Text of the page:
Medical Expert Witness

Attorney Cites the Pandemic’s Unpredictability to Help Win a Med Mal Defense Verdict

Even with the best conditions and treatment, circumstances – especially those involving medical care and the human body – can sometimes take a turn for the worst. That was the message an attorney for Einstein Medical Center was trying toget across to a Pennsylvania jury as he defended the hospital system against claims that one of its patients received improper post-operative care following a risky procedure to address the patient’s pancreatic cancer…, ‘We Can’t Control Everything’: This Attorney Used the Pandemic’s Unpredictability to Help Win a MedMal Defense Verdict, Max Mitchell, 2021.


The strategy eventually paid off, with the jury returning a defense verdict July 22 in the case Azeff v. Zaki. The verdict came after a five-day trial in Philadelphia Court of Common Pleas Judge Ann Butchart’s courtroom. According to Samms, the jury deliberated for 40 minutes.


Daniel Azeff underwent a Whipple procedure, which is a procedure to remove a portion of the pancreas. Following the procedure, his condition deteriorated. He suffered from abdominal fluid collection and became unresponsive. He was successfully resuscitated and intubated, but he allegedly subsequently developed sepsis and underwent an explorative surgery, where a colon perforation was suspected.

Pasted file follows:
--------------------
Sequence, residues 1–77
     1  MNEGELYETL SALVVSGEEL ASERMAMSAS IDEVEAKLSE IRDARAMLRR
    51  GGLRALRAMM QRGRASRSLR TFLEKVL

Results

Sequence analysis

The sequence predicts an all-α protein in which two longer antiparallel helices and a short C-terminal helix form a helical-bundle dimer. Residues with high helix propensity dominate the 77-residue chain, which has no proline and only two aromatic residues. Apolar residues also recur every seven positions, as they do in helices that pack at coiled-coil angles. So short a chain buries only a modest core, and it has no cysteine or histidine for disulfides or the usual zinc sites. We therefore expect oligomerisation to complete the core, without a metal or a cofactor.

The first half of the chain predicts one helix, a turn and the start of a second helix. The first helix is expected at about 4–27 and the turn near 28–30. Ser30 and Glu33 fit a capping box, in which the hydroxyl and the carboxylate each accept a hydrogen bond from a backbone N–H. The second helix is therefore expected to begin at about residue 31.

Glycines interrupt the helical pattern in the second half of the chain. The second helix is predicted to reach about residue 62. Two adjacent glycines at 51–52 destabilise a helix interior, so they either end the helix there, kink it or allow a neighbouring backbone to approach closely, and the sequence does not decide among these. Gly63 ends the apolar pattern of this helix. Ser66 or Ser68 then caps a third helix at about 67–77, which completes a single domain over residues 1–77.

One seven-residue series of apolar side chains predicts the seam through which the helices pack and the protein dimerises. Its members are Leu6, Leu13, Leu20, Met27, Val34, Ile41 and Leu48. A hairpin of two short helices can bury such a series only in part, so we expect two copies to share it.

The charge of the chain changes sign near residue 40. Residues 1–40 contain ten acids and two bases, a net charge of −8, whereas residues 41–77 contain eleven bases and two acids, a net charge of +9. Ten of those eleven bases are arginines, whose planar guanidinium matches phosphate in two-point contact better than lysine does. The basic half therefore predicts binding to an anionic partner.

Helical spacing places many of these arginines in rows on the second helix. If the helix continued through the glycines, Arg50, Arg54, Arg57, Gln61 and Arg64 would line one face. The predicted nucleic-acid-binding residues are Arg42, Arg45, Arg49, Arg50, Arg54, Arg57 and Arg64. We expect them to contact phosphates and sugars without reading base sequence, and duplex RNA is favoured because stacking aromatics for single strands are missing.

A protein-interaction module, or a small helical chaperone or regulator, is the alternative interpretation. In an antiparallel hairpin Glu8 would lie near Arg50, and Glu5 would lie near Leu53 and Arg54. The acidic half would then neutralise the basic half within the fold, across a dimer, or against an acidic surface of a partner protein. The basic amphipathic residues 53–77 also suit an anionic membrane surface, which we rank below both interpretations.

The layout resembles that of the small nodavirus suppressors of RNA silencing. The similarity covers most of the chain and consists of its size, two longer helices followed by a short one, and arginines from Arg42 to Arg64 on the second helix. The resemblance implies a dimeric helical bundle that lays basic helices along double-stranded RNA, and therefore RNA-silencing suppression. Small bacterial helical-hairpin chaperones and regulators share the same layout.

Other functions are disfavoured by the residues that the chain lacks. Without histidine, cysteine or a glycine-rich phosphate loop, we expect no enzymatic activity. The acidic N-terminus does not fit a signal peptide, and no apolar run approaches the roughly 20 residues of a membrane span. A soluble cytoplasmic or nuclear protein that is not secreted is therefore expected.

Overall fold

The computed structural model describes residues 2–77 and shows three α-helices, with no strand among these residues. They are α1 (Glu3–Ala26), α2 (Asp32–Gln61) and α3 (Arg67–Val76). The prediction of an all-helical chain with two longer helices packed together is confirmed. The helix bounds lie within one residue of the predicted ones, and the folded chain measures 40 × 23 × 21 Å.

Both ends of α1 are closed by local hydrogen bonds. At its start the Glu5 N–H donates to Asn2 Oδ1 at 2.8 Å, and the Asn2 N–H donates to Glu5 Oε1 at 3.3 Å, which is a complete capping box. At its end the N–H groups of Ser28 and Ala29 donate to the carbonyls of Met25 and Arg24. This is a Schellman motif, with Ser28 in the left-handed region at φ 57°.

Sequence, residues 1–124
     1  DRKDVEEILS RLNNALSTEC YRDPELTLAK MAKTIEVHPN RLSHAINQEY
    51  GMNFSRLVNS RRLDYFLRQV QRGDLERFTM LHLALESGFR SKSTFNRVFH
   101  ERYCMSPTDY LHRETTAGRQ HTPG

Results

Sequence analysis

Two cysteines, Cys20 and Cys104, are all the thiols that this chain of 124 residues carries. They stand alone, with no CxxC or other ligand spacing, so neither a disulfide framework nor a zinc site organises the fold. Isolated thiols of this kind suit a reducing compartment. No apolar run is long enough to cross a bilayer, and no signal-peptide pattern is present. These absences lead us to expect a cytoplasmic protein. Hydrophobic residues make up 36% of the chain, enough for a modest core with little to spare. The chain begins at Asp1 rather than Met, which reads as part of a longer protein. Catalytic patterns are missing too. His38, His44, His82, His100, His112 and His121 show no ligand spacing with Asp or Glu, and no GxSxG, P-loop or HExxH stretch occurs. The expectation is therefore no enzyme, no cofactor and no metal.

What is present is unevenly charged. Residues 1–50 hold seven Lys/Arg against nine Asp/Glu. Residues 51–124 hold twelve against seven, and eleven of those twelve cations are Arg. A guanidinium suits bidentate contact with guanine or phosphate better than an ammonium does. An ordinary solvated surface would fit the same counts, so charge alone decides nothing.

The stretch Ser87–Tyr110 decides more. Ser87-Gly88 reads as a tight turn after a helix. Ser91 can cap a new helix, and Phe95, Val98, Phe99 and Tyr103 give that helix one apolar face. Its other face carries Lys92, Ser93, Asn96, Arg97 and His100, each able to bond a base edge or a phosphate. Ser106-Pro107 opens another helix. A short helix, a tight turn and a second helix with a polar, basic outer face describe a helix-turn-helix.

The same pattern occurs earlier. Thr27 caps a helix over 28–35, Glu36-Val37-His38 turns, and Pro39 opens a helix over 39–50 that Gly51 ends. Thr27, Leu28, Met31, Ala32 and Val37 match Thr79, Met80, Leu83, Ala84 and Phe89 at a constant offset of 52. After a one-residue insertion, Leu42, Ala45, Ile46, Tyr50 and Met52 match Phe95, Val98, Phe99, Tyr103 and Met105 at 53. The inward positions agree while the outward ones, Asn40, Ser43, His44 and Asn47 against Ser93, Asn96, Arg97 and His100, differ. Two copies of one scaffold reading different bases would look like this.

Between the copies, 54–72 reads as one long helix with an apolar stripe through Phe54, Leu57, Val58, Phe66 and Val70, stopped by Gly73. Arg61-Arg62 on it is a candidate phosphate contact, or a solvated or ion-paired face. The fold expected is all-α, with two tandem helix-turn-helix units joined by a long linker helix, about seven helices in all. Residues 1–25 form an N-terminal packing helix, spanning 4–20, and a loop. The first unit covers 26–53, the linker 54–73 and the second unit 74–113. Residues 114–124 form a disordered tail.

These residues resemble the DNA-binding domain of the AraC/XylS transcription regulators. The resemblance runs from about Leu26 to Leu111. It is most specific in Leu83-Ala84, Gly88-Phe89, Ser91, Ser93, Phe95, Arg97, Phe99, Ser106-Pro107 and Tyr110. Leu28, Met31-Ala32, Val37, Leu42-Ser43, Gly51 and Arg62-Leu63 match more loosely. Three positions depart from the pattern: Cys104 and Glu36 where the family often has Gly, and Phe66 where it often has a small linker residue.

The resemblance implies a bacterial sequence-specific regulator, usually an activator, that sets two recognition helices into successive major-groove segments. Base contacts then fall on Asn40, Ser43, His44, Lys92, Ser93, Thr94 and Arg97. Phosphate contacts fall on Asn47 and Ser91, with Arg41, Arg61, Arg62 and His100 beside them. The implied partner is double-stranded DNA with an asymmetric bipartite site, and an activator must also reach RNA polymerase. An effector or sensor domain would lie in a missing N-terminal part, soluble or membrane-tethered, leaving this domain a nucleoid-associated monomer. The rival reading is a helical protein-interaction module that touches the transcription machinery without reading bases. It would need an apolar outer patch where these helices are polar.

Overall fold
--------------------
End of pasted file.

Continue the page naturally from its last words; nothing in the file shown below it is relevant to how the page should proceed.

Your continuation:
However, his condition continued to decline, according to the memo, and he underwent another exploratory surgery three days later, which showed that one of the connection procedures was found to have failed. The connection had to be redone, the memo said, and after a while, Azeff’s condition began to improve.


The plaintiff accused the defendant, Dr. Radi Zaki of breaching the standard of care by failing to recognize the perforation at the surgery, failing to recognize that the problematic connection area had been “oversewn,” and failing to perform the revision surgery during the first exploratory surgery.


1 comment

  1. Where did the pandemic affect the outcome ? Did it influence the Drs logic or performance or affect the patient response to the procedure?

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